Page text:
Can Israel Really Deter Attackers by Demolishing Their Homes?

The country has resumed its controversial policy of destroying the houses of Palestinians accused of terrorism.

Palestinians inspect the remains of the house of Amer Abu Aisheh, one of three Palestinians identified by Israel as suspects in the killing of three Israeli teenagers, after it was demolished by the Israeli army in the West Bank city of Hebron. (Ammar Awad/Reuters)

Just hours after a grisly attack on a Jerusalem synagogue on Tuesday that left four Jewish worshippers and a police officer dead, Israeli forces razed the home of a Palestinian man who had carried out a deadly car attack last month.

The timing was both meaningful and coincidental. On Monday, before the synagogue massacre, Israel announced that it was stepping up its policy of destroying the homes of those the state suspects of committing terrorist attacks. Cited as a deterrent to Palestinian violence, the policy was a hallmark of the Second Intifada, the Palestinian uprising against Israel in the early 2000s in which thousands of Israelis and Palestinians died. The return of home demolitions comes amid a recent flurry of attacks across Jerusalem, Tel Aviv, and the West Bank that have left nearly a dozen Israelis dead.

As the Israeli human rights group B'Tselem reports, more than 650 Palestinian homes were either sealed or demolished from 2001 until 2005, leaving the families of attackers homeless. The policy was discontinued after an army committee determined that razing homes not only failed to deter attacks, but also stoked Palestinian hatred of Israel. House demolitions, declared legal by Israeli courts, were also criticized internationally by the United Nations and others for smacking of collective punishment for family members who may have had no connection to the attacks.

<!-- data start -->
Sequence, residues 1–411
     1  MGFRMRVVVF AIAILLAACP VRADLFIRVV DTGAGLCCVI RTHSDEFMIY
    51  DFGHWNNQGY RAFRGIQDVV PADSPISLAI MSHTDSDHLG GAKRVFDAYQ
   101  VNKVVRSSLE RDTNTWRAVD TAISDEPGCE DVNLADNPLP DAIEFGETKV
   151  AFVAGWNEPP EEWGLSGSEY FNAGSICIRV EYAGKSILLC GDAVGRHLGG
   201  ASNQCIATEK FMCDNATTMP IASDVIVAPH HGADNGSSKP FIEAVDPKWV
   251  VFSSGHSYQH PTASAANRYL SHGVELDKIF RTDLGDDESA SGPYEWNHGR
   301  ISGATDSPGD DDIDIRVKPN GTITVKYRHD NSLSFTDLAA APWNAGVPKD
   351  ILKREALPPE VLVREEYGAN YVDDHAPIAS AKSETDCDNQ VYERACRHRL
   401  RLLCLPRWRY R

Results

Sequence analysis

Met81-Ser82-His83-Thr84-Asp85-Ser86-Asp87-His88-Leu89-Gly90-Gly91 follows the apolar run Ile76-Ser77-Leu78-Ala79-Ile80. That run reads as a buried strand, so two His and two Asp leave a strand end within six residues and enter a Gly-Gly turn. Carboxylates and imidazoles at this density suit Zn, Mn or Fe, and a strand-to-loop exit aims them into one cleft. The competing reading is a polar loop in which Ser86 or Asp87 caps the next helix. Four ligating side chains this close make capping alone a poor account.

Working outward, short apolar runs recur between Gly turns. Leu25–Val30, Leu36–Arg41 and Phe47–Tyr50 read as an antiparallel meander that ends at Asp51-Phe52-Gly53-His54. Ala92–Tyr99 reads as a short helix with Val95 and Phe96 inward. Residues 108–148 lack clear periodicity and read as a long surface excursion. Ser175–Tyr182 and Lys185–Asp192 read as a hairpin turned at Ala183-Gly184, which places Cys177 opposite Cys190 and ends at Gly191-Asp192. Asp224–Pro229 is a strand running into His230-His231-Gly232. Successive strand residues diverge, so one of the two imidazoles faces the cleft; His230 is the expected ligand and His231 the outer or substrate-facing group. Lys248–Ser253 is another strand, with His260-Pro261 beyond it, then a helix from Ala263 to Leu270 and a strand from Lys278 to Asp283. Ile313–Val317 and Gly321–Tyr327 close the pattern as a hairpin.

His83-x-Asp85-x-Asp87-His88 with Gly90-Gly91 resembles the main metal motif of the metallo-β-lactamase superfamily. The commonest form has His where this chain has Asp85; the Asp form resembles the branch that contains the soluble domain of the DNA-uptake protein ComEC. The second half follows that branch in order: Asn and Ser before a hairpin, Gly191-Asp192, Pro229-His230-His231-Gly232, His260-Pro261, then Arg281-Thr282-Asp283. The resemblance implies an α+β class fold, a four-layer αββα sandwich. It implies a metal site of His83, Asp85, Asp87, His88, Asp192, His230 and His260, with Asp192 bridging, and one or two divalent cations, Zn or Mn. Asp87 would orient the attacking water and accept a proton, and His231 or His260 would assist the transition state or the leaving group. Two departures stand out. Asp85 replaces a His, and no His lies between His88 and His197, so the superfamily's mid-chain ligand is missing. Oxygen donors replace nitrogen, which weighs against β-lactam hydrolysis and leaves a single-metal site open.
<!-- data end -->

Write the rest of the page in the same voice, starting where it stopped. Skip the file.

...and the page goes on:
As the Forward reported back in September, house demolitions "date back to a 1945 British Mandate emergency regulation in pre-state Palestine that allowed the British military to confiscate and destroy any home used to discharge a weapon, or any home used by a person who violated military law."

While the policy is meant to have a psychological effect for a would-be attacker whose family would be left homeless, some suggest house demolitions are also designed to offset the economic benefits of committing an attack. One example: During the first three years of the Second Intifada, the families of Palestinian suicide bombers, as well as the families of those killed in clashes with Israel, routinely received checks for up to $25,000 from former Iraqi dictator Saddam Hussein.

Hussein may be gone, but the financial incentives for Palestinian attackers who are jailed or killed are still around. Back in June, when Israel first announced it would resume house demolitions after three Israeli teenagers were kidnapped and killed, an Israeli official told the Jerusalem Post:

On the Palestinian side you have a whole package of incentives to carry out terrorist attacks, such as if we arrest the terrorist, their families get a generous allowance from the PA.

The official also likened the demolitions to a leveling of the economic playing field. But as the European Union reportedly considers sanctioning Israel over its settlements in the West Bank, the reignition of an internationally unpopular policy could also end up harming Israel economically.

On Wednesday evening, Israeli Prime Minister Benjamin Netanyahu vowed to continue the policy, saying in a statement, "We have nothing against the residents of eastern Jerusalem but we will not tolerate attacks on our citizens and we will act against those who do these things and against those engaged in incitement.”

He added: “With a determined and vigorous hand, we will restore security to Jerusalem.”